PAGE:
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Clin Gastroenterol Hepatol. 2007 Aug;5(8):969-71. Epub 2007 Jul 10.

Acute appendicitis in the setting of Clostridium difficile colitis: case report and review of the literature.

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Department of Medicine, Summa Health System, Akron, Ohio 44221, USA.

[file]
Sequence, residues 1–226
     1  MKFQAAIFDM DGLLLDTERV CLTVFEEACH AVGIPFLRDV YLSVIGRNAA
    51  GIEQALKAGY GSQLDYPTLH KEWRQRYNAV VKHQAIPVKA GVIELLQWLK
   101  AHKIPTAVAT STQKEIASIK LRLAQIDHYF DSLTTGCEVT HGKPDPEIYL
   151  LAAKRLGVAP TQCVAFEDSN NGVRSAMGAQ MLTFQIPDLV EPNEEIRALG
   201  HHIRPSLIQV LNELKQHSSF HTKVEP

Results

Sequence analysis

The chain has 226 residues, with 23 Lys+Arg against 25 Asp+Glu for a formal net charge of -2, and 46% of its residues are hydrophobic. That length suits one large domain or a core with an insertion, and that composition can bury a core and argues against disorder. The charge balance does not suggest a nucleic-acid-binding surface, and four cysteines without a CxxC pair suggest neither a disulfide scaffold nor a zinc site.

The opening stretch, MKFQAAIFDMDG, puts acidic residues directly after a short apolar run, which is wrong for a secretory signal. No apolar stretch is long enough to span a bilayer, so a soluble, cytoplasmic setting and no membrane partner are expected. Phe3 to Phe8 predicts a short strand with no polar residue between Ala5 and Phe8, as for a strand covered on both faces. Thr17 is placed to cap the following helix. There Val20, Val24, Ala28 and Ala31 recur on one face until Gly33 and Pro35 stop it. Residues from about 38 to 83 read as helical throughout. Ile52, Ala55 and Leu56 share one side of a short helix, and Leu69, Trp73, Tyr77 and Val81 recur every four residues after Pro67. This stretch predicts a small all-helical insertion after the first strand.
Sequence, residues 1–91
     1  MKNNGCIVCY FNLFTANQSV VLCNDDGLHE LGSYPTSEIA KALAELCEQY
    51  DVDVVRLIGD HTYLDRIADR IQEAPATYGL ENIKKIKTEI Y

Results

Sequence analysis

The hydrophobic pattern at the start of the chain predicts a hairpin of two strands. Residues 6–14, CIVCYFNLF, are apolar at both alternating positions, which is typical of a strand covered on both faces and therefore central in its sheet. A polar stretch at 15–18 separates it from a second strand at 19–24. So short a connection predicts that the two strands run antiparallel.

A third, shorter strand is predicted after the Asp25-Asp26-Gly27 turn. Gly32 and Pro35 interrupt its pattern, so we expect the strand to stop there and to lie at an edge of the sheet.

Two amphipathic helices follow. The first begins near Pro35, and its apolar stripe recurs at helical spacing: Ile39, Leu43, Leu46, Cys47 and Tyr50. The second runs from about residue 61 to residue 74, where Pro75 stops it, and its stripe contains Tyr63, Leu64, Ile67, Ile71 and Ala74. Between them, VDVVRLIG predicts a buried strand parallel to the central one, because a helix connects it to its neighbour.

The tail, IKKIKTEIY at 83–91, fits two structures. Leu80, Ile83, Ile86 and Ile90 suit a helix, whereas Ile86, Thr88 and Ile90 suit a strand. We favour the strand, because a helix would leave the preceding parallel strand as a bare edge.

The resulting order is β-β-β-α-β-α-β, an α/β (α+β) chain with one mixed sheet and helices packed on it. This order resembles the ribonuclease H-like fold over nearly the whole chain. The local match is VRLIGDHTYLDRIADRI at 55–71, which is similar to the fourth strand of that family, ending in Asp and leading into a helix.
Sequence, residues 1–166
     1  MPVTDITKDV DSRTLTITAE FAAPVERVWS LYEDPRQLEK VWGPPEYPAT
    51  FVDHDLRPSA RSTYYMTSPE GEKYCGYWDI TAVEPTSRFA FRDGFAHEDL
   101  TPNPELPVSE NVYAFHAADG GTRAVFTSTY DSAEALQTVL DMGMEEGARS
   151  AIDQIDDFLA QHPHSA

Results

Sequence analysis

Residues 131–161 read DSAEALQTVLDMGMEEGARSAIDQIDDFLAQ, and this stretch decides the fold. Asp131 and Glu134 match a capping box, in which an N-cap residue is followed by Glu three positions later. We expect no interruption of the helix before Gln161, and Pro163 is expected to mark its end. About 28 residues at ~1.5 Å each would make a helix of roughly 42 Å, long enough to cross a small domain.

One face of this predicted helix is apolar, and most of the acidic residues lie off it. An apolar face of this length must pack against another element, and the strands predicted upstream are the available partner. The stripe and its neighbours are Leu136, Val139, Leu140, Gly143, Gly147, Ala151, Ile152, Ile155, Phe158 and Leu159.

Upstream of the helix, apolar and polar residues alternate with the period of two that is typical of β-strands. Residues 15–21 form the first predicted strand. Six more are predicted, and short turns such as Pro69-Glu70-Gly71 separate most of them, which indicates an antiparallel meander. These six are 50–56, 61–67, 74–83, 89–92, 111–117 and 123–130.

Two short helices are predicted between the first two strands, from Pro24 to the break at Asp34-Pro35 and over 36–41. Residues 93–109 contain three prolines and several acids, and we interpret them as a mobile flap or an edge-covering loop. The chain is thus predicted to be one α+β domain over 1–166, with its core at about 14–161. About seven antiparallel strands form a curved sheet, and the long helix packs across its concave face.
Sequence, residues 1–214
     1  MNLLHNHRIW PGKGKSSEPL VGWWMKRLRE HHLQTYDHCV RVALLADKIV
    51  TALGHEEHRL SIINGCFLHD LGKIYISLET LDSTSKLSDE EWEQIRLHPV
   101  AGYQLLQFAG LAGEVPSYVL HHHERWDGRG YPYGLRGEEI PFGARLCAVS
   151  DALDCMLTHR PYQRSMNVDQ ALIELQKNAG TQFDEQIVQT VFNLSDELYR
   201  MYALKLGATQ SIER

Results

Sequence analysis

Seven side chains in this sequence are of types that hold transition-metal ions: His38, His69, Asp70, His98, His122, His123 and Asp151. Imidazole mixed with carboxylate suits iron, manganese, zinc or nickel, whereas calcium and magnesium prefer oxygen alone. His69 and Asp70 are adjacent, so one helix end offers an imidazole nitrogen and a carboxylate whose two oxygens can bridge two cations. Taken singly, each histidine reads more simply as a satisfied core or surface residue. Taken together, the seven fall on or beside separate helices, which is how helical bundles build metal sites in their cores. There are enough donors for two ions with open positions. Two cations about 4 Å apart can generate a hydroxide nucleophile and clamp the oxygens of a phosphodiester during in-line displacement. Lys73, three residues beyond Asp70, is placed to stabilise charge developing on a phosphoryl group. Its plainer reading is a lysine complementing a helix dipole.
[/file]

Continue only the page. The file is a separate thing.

A 72-year-old man was hospitalized for exacerbation of chronic obstructive pulmonary disease and was treated with oral prednisone and 7 days of moxifloxacin. Five days after completing the antibiotic course, he developed watery diarrhea and diffuse, crampy abdominal pain. On presentation he was afebrile, and abdominal examination revealed diffuse tenderness without peritoneal signs. Stool tested positive for Clostridium difficile toxin A by enzyme-linked immunosorbent assay. Despite starting oral metronidazole, the patient developed a fever of 101.2 degrees F 36 hours after his initial episode of diarrhea, 12 hours after admission. His abdominal pain intensified and became localized to the right and left lower quadrants. Computed tomography scan revealed both a thickened cecal wall and an edematous appendix with ileocecal stranding consistent with appendicitis. Appendectomy was performed, and the appendix was found to be suppurative in appearance and nonperforated. The cecum had mild edema and erythema, whereas the colon and rectum were grossly unaffected. Pathology examination revealed exudative material in the appendiceal lumen and a diffuse transmural inflammatory cell infiltrate. The patient had an uneventful recovery and continued to improve on oral metronidazole. Although Clostridium difficile colitis and appendicitis are each very common independently, C. difficile as an etiology of appendicitis is exceedingly rare. A review of the literature revealed 2 prior cases. We speculate that this association is underdiagnosed, because milder cases might respond to antibiotic therapy alone, and severe cases might involve the entire colon and require total colectomy. In each scenario, the involvement of the appendix might be overlooked.

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